Hi,

I'm new to ASCE association and hope it's "ok" to ask questions related to other structural standards besides say ASCE 7 for example, but something I'm currently working on is bridge repairs and I'm doing basically some load rating calcs for the first time.

I noticed the AASHTO spec only considers the steel section properties for bridge beams (girders? - I typically associate girders as a member supporting other members like joists, etc but seems various terminology is used across the board), when calculating section properties. I see there's a Kg which I guess accounts for the stiffness of deck slab (which looks like a modified version of the parallel axis theorem), but it occurred to me that given the composite section and assuming in reality the neutral axis shifts towards top flange of steel beam (probably right around the top flange), then your positive moment capacity for that beam goes DOWN, given the "c" distance to outer fiber goes up.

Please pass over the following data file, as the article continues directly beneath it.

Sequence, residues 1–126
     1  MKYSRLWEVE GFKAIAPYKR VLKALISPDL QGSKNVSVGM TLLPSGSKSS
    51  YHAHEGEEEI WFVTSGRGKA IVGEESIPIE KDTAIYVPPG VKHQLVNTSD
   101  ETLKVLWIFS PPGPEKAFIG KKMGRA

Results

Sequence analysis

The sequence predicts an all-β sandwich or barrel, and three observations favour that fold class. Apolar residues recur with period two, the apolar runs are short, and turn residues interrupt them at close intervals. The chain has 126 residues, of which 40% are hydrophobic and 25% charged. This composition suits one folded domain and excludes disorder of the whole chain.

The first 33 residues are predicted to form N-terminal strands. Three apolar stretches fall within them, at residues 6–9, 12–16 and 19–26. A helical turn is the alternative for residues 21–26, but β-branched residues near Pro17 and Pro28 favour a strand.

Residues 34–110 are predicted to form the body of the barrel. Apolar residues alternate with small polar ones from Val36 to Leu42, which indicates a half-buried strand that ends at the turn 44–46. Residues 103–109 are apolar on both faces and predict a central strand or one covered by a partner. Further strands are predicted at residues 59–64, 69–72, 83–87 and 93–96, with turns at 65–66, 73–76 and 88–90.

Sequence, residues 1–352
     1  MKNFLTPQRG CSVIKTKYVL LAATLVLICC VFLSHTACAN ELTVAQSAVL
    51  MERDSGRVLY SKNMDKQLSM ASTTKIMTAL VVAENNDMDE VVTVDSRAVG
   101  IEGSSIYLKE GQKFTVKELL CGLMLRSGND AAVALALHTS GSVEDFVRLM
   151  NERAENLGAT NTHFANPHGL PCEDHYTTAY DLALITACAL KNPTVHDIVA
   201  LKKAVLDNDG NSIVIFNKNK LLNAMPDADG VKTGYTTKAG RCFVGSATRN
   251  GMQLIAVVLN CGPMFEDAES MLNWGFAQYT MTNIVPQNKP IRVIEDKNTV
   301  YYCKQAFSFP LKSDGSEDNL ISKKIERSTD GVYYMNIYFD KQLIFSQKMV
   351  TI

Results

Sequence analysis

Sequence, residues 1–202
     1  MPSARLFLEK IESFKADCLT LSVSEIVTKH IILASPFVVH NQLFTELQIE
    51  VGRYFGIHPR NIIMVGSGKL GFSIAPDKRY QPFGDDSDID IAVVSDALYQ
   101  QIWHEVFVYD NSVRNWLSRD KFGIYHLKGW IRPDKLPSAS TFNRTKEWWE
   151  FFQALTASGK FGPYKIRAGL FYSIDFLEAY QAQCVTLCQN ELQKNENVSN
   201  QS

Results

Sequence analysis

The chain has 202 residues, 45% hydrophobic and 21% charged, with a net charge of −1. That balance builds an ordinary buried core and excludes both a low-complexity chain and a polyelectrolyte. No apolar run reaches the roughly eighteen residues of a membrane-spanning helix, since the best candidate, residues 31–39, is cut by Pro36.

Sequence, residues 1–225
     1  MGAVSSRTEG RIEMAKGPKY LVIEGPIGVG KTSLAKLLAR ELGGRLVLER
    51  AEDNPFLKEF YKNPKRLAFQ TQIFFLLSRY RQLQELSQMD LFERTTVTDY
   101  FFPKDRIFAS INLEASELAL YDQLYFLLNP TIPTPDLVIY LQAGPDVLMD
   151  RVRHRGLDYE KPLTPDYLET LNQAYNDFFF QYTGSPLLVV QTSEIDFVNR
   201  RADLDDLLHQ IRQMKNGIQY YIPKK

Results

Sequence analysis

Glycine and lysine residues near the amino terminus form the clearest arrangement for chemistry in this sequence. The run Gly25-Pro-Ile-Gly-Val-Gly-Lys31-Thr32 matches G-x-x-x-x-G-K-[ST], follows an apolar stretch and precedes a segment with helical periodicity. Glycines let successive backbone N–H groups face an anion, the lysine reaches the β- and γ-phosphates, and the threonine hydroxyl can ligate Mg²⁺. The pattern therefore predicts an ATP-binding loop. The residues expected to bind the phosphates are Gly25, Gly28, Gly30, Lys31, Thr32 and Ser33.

So, how does AASHTO account for the "true" flexural capacity by only considering the steel section properties. I did take a bridge design course in college and I know there's methods for taking an effective section of concrete deck and transforming it into an effective "block" but thought it was interesting how AASHTO does these calculations and would like some greater insight into where/how the equations were derived. Do the equations account for all this in some way, or is that what the Kg factor is doing?

Any insight would be greatly appreciated (and if I'm outside the domain of this discussion board then please let me know).

Thanks,

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Daniel Foltz EIT, A.M.ASCE

Engineer

Williamsburg VA

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